Six experts shared strategies to help pediatricians identify toxic stress in their patients at the Pediatrics for the 21st Century (Peds 21) program held prior to the AAP National Conference & Exhibition.
AAP President Sandra G. Hassink, M.D., M.S., FAAP, introduced the half-day program titled “The Trauma-Informed Pediatrician: Identifying Toxic Stress and Promoting Resilience.” The speakers described their approaches to caring for children and adolescents who have been exposed to toxic stress, including screening for adverse childhood experiences (ACEs).
The concept is derived from the original ACEs study from 1995-’97, which highlighted the strong dose-response relationship between adverse childhood experiences like abuse, neglect or violence and consequences on health and well-being lasting into adulthood. In addition, an AAP policy statement and technical report drew attention to the need to address toxic stress in children.
Patients with higher ACEs scores are seen as having a significantly increased risk for a multitude of health, developmental and behavior problems over their lifetime such as cancer, heart disease and depression.
Learning how to integrate the screening process into daily practice remains challenging, however.
While ACEs screening instruments have not yet been validated, failure to screen is more harmful, said keynote speaker Nadine Burke Harris, M.D., M.P.H., FAAP. Toxic stress, she told the audience, is a public health crisis, and pediatricians play a critical role.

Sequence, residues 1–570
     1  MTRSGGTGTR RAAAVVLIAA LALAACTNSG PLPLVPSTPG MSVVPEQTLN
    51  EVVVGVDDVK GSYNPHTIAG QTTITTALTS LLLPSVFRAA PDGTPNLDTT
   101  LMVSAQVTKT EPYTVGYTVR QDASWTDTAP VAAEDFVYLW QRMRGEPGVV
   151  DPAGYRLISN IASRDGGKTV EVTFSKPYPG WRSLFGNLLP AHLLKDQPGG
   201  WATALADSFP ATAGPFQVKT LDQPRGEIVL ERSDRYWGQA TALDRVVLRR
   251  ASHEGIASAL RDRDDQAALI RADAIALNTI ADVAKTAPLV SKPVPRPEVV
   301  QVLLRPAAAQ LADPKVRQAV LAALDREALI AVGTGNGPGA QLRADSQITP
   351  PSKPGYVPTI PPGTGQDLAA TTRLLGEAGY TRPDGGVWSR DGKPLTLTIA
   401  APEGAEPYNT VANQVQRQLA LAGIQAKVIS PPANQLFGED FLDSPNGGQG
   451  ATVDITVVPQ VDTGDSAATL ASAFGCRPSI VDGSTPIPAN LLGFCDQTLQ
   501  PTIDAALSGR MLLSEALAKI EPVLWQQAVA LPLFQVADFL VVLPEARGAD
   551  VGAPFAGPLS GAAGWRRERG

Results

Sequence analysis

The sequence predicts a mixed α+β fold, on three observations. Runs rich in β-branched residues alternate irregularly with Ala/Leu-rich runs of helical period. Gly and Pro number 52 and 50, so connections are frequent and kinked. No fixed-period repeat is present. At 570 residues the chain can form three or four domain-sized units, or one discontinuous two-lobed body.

“We can be on the frontlines … by simply doing what we do every day,” said Dr. Burke Harris, founder and CEO of the Center for Youth Wellness in San Francisco. “There is no community where we don’t need to be looking at this.”
Early identification and referral can help patients learn to handle stress better. A deeper understanding of an individual’s toxic stress also can shed light on problem behavior, which may be a child’s way of coping with unrelenting stressors.
“Keep trauma in the differential diagnosis,” said Heather Forkey, M.D., FAAP, who described common behavioral presentations of trauma in everyday practice. She said families and patients are not aware that obvious trauma is the preceptor of many problems. Even a child presenting with signs of attention-deficit/hyperactivity disorder may be hypervigilant due to relentless stress.
Asking parents if anything “scary” has happened to their child since the last visit is one way to ease into the questioning, Dr. Forkey added.
Instituting a screening program does not mean pediatricians should feel they must solve every problem, said Robert Gillespie, M.D., M.P.H.E., FAAP. Simply listening is therapeutic, he said. At the 4-month well-baby visit, Dr. Gillespie’s office also screens parents for ACEs, part of an expanded anticipatory guidance approach.
When counseling patients or families, a calm, nonjudgmental demeanor also is important, according to Lawrence Wissow, M.D., M.P.H., FAAP. He described effective ways to give compassionate care, highlight strengths and “rewrite the narrative.”
Before instituting a screening process, primary care offices should be aware of community resources and continue to build relationships to broaden those resources, the speakers noted.
Cooperative partnerships have been the key to success of a Kansas City, Mo., program described by emergency medicine physician M. Denise Dowd, M.D., M.P.H., FAAP, who accepted the Arnold P. Gold Foundation Humanism in Medicine Award during the program.